For Immediate Release
Contact: Mark Genovese, 518.782.9400, ext. 353
BRONX, April 6, 2009 – Nearly 1,000 NYSNA members from Montefiore Medical Center conducted an informational picket in the driving rain on Monday, April 6, 2009, in protest over their contract talks.
The RNs believe the community deserves shorter wait times for care in the Emergency Room. Appropriate room accommodations should be provided for patients; not stretchers in the hallway. Nurses say they need a defined limit as to how many patients can be cared for safely. They say they cannot properly advocate for patients when they are assigned to areas (such as intensive care) for which they lack adequate training. They say Montefiore needs a stable RN workforce at the patient’s bedside.
The RNs have been trying to address these issues in contract negotiations since last fall, and in ongoing meetings with management over the past several years. Yet Montefiore management has not made a firm commitment to improve nurse-to-patient ratios, nor to cease sending nurses to unfamiliar areas. Instead it seems to be proposing cuts that will drive experienced RNs toward retirement and deter its ability to recruit.
The most recent four-year contract for the 2,500 RNs expired Jan. 15. After 24 negotiation sessions since last fall, the nurses say management has told nurses that it wants a “cost neutral” contract. This means the RNs would have to fund any cost-of-living increases by paying more for their benefits or somehow "subsidize" increased staffing numbers.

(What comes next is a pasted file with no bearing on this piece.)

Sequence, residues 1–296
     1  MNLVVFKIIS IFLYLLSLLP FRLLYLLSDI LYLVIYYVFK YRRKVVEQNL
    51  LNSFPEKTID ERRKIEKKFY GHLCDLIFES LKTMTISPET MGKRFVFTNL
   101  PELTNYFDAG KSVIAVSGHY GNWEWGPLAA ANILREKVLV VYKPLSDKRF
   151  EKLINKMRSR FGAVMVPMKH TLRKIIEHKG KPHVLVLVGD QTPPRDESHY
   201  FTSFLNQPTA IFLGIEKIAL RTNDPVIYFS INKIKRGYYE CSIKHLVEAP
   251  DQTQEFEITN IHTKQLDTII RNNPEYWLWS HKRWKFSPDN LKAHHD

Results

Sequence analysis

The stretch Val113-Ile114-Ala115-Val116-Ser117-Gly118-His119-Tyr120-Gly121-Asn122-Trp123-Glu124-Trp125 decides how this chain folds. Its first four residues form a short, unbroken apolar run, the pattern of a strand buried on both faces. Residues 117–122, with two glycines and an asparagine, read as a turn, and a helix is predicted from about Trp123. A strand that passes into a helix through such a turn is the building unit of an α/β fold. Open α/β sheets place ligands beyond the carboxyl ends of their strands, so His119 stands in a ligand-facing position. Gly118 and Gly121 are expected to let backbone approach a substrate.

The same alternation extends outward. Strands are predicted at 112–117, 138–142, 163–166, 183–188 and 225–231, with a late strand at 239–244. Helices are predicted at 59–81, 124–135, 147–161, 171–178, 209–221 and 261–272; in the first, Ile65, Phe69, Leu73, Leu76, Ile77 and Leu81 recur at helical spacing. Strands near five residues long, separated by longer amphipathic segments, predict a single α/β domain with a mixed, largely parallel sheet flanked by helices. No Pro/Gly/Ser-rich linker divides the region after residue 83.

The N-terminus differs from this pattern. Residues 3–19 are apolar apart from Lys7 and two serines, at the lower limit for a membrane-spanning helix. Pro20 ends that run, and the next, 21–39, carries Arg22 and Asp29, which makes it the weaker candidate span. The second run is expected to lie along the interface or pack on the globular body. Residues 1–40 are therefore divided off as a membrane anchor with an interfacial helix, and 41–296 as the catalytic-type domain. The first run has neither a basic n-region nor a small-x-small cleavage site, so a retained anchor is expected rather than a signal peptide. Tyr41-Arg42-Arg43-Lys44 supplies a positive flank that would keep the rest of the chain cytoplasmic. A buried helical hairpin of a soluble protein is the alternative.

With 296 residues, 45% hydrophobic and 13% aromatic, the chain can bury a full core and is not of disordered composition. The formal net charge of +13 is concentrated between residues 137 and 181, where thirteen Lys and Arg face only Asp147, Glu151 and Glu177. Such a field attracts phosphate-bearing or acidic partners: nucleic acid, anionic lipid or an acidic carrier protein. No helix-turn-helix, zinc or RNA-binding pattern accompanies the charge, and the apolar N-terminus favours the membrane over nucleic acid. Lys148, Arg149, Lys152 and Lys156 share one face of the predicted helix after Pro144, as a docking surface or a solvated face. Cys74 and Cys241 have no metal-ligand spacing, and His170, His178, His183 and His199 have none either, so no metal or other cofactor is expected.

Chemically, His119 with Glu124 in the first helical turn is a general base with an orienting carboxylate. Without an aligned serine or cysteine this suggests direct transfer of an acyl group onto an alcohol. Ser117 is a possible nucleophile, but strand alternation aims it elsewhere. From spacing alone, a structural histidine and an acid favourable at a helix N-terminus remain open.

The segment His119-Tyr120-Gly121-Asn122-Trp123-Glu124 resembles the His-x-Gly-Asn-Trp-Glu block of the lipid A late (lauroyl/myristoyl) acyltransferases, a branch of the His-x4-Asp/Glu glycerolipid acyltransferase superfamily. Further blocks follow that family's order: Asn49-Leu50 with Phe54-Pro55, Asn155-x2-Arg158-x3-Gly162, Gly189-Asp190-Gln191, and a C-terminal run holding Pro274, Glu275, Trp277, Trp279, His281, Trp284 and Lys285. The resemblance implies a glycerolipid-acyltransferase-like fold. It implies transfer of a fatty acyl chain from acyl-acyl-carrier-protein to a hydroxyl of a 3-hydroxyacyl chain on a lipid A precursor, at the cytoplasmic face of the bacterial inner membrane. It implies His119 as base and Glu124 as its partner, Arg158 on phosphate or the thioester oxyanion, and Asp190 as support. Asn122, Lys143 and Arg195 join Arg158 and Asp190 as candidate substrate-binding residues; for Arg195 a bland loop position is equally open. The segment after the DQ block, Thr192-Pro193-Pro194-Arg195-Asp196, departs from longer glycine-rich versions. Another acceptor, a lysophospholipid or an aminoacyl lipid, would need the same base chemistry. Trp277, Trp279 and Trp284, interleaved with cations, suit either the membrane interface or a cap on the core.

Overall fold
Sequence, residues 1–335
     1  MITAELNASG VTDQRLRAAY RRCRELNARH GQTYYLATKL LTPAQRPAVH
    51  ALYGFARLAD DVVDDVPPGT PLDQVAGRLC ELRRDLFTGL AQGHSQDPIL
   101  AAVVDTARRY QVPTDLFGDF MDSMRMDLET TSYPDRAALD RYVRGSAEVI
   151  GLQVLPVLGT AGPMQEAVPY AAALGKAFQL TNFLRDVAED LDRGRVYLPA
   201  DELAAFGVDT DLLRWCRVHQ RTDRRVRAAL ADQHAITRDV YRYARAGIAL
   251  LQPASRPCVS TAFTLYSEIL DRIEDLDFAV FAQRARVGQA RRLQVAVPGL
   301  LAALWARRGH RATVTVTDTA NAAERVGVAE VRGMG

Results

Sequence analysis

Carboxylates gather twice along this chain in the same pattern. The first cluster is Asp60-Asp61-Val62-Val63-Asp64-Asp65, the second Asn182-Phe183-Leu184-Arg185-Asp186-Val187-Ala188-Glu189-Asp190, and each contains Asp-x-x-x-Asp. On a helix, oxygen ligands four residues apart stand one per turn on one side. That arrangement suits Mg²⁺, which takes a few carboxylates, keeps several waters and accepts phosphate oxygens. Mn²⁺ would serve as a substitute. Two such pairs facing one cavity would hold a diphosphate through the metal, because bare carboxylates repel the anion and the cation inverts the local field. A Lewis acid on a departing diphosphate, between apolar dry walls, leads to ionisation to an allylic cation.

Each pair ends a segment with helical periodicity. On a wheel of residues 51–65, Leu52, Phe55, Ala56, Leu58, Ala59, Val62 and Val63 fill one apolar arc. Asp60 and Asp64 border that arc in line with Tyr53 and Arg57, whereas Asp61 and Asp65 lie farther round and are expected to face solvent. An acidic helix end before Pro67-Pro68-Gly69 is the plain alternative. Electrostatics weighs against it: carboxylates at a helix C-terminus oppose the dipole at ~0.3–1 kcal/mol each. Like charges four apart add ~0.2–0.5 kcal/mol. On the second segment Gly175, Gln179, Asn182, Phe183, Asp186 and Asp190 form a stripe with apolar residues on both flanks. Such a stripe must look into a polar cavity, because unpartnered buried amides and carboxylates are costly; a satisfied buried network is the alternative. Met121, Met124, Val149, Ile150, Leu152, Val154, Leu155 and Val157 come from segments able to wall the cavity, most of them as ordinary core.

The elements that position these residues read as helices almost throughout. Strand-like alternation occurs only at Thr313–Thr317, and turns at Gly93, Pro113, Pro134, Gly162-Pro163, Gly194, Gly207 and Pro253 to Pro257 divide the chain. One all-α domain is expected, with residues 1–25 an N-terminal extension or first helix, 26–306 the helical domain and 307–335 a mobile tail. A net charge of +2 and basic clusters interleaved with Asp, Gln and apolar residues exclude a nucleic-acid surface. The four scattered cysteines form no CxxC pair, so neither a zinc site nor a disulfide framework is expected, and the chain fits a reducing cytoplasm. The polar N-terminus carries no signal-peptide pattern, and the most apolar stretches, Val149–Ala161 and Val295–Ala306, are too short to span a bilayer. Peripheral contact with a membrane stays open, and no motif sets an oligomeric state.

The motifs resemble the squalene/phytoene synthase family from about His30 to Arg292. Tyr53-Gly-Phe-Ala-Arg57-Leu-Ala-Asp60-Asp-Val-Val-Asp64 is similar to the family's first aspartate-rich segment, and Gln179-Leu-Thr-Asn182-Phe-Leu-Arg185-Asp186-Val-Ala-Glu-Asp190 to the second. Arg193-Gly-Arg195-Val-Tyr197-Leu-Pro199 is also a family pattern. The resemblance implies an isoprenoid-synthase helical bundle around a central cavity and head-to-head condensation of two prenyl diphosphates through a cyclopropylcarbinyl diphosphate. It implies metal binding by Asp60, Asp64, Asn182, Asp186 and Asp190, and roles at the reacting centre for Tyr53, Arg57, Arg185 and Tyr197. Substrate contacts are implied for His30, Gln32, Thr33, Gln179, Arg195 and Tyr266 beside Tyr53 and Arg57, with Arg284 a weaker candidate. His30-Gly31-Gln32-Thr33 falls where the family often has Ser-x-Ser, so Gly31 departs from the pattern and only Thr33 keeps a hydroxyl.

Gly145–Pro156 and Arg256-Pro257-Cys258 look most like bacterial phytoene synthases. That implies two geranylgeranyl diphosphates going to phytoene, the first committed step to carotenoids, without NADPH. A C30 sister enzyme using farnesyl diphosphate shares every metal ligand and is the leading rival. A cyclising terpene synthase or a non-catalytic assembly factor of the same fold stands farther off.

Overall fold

Montefiore nurses dedicate their lives to caring for our community and believe they should be treated with dignity by management. Instead, management is proposing cuts that will cause many RNs to consider early retirement, further exacerbating a serious nursing shortage. Nurses believe their patients need adequate numbers of highly trained professionals to provide care with compassion and skill.
The next session is scheduled for Tuesday, April 7.
The New York State Nurses Association is the voice for nursing in the Empire State. With more than 36,000 members, it is the state's largest union and professional association for registered nurses. It supports nurses and nursing practice through education, research, legislative advocacy, and collective bargaining.